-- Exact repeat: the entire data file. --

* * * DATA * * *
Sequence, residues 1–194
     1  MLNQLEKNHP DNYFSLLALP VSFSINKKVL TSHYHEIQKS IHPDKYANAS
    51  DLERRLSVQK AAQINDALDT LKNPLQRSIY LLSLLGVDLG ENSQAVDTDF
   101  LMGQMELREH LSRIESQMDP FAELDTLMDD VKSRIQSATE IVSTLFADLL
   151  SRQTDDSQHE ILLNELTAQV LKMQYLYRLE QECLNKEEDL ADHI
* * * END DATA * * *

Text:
Sequence, residues 1–194
     1  MLNQLEKNHP DNYFSLLALP VSFSINKKVL TSHYHEIQKS IHPDKYANAS
    51  DLERRLSVQK AAQINDALDT LKNPLQRSIY LLSLLGVDLG ENSQAVDTDF
   101  LMGQMELREH LSRIESQMDP FAELDTLMDD VKSRIQSATE IVSTLFADLL
   151  SRQTDDSQHE ILLNELTAQV LKMQYLYRLE QECLNKEEDL ADHI